By Jessica Thiefels Small Business Writer
Part of the AMERICA’S ENTREPRENEURS SPECIAL REPORT
Transitioning from your nine-to-five career to becoming a business owner after 50 may sound enticing, with the freedom to set your own hours and profit from your passions. But midlife entrepreneurship comes with financial risks, too. Here’s how to manage them and set yourself up for success:
Be Mindful of Your Financial Commitment Since you’ll need to continue saving for retirement or live on your current fixed income in retirement, it’s crucial to establish a budget for how much you can, and will, invest in your business. Ask yourself these questions:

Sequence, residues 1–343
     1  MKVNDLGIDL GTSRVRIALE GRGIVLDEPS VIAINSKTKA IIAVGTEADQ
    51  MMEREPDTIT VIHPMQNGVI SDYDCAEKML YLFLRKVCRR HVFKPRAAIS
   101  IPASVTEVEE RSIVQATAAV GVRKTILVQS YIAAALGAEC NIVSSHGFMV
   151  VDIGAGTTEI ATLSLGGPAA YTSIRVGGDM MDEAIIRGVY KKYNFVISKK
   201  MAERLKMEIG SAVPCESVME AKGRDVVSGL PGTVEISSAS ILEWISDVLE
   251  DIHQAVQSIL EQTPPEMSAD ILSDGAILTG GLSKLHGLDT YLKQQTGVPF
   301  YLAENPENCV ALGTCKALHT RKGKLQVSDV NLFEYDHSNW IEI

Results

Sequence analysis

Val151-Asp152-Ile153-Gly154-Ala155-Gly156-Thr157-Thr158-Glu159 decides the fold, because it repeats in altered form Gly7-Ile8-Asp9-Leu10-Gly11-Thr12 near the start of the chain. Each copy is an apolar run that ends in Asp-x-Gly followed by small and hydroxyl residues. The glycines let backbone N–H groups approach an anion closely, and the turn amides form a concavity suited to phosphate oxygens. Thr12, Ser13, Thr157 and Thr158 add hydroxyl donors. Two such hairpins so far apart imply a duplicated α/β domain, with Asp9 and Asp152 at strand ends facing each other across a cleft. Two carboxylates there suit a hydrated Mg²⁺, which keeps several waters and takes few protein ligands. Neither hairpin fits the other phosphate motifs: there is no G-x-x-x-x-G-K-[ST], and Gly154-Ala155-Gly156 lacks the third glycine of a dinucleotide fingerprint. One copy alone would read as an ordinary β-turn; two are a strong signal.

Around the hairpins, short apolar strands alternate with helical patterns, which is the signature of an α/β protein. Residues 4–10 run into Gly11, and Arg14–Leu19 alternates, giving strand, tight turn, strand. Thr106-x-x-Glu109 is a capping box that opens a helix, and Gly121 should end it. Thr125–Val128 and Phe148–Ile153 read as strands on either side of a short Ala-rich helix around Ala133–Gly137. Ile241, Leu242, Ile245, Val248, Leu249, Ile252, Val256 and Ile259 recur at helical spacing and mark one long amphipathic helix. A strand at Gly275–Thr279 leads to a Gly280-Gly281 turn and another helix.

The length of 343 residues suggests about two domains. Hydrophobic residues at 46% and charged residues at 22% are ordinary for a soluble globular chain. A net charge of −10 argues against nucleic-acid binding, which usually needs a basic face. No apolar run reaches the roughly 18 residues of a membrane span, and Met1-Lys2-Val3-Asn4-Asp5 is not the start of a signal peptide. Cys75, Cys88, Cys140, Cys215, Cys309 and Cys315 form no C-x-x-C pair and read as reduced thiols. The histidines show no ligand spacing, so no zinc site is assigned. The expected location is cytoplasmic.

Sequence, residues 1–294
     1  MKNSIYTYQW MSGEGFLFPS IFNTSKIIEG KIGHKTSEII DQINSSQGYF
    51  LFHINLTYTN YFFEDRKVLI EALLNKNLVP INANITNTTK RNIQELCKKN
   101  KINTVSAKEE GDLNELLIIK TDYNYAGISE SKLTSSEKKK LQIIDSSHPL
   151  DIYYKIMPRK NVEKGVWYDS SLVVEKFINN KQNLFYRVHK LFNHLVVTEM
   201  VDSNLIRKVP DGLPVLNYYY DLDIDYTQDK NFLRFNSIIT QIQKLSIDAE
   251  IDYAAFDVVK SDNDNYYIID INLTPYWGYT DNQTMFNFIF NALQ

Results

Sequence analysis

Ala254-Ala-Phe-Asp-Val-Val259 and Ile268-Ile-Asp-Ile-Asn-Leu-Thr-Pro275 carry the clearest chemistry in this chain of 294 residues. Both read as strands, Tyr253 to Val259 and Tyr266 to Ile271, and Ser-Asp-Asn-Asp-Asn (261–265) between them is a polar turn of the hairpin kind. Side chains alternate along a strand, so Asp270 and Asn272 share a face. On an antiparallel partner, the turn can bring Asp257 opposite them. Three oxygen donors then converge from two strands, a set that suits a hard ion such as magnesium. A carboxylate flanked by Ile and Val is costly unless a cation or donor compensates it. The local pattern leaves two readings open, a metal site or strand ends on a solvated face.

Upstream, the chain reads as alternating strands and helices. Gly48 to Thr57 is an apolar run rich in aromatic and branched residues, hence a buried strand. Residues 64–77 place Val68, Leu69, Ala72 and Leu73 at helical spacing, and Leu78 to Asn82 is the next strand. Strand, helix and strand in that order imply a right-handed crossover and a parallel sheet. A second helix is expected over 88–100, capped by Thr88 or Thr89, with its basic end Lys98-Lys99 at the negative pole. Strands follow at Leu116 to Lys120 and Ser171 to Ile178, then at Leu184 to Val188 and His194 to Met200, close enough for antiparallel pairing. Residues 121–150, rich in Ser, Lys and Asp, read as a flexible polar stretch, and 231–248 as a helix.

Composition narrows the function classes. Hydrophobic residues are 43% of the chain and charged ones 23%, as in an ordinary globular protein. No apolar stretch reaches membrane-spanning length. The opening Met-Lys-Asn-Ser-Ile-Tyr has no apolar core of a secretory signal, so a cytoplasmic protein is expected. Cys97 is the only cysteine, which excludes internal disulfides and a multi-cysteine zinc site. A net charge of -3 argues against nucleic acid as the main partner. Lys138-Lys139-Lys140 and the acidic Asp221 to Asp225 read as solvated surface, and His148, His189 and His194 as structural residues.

5 Funding Ideas for a Midlife BusinessOnce you’ve determined your monetary limits, consider the five funding ideas Business.com recommends: Bootstrapping, personal loans, government or venture capital, crowdsourcing and retirement accounts.
Bootstrapping If you own the right equipment and have the knowledge to launch your business without help, use your own capital for initial costs. Just bear in mind that doing so will likely limit your financial ability to hire employees or invest in marketing.